Presentation on theme: "Voter Behavior and Turnout Fitz- AP GOV. Whether to Vote: A Citizen’s First Choice 15 th -Extended to African Americans 19 th -Extended to Women 26 th."— Presentation transcript:
Registering to Vote: We’ve Made it Pretty Easy Registering To Vote Left up to the States by the Constitution Motor Voter Act: passed in 1993, requires states to permit people to register to vote when they apply for their driver’s license
Registering to Vote: We’ve Made it Pretty Easy Motor Voter Act: passed in 1993, requires states to permit people to register to vote when they apply for their driver’s license
Who votes? Education: More education = more likely to vote. Most important factor! Family= most important for socialization Older = more likely to vote Race: Caucasian = more likely to vote. BUT, other ethnicities are higher with comparable education Female = more likely to vote
Who votes? Marital Status: Married = more likely to vote Union Membership: Union member = more likely to vote Traits are cumulative - possessing several adds up
How Americans Vote: Explaining Citizens’ Decisions Mandate Theory of Elections The idea that the winning candidate has a mandate from the people to carry out his or her platforms and politics
How Americans Vote: Explaining Citizens’ Decisions Party Identification People still generally vote for a party they agree with. Rise of candidates= Drop in importance of parties Since 1972- More about the presidential CANIDATE
How Americans Vote: Explaining Citizens’ Decisions
Candidate Evaluations: How Americans See the Candidates Candidates want a good visual image. Personality plays a role in vote choice, especially if a candidate is perceived to be incompetent or dishonest.
How Americans Vote: Explaining Citizens’ Decisions Policy Voting Basing your vote on issues Policy voting may occur if: Voters know where they and the candidates stand on issues and see differences between candidates..
How Americans Vote: Explaining Citizens’ Decisions Unlikely to occur because: Candidates can be ambiguous on the issues. Media tend to focus on the “horse race” not issues.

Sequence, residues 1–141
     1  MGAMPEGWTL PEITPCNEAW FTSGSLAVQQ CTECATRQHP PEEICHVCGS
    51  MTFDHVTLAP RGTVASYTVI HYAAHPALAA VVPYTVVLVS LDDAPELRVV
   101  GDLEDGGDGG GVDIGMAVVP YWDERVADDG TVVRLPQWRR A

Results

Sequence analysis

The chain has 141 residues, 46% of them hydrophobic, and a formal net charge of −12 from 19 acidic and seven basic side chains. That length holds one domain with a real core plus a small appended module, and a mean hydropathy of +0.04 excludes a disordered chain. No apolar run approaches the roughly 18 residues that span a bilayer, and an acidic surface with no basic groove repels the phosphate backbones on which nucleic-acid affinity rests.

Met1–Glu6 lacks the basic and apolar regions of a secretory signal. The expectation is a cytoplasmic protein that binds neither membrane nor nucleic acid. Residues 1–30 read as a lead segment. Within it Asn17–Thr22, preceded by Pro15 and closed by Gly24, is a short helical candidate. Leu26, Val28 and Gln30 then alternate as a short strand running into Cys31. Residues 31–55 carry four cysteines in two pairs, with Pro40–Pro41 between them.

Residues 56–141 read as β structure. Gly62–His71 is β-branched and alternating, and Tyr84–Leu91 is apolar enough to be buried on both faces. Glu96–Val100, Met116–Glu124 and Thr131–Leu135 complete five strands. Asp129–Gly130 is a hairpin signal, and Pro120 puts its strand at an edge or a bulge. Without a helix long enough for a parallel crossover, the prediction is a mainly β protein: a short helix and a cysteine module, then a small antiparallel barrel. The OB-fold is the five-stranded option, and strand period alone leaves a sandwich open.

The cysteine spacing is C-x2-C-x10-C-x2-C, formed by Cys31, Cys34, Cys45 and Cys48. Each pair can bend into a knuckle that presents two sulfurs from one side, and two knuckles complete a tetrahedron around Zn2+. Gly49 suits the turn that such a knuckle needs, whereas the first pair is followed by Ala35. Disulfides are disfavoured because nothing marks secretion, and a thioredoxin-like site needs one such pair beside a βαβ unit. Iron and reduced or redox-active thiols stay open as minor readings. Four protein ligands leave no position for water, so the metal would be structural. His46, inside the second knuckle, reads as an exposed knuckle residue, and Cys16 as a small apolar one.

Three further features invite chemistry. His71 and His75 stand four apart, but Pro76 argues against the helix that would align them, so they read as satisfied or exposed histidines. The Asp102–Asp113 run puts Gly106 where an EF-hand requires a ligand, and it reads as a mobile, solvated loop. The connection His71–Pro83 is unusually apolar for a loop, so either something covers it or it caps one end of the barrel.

Understanding Campaigns and Voting Behavior Are Nominations and Campaigns Too Democratic? open to almost everyone. consume much time and money. individualism in American politics.
Understanding Campaigns and Voting Behavior Do Elections Affect Public Policy? The greater the policy differences between candidates, the more likely voters will be able to steer government policy by their choices. Unlikely—candidates do not always clarify issues
Understanding Campaigns and Voting Behavior Do Campaigns Lead to an Increased Scope of Government? Candidates make numerous promises, especially to state and local interests. Hard for politicians to promise to cut size of government
Understanding Elections and Voting Behavior Elections and the Scope of Government Elections generally support government policies and power. Voters feel they are sending a message to government to accomplish something Thus, the government expands to fill the needs of the voters.
Summary Campaigns are media-oriented and expensive, but are not likely to change minds. Money and contributions from PACs regulated by the FEC are essential to campaigns. Voters make two basic decisions at election time: whether to vote and for whom to vote. Party identification, candidate evaluations, and policy positions drive vote choice.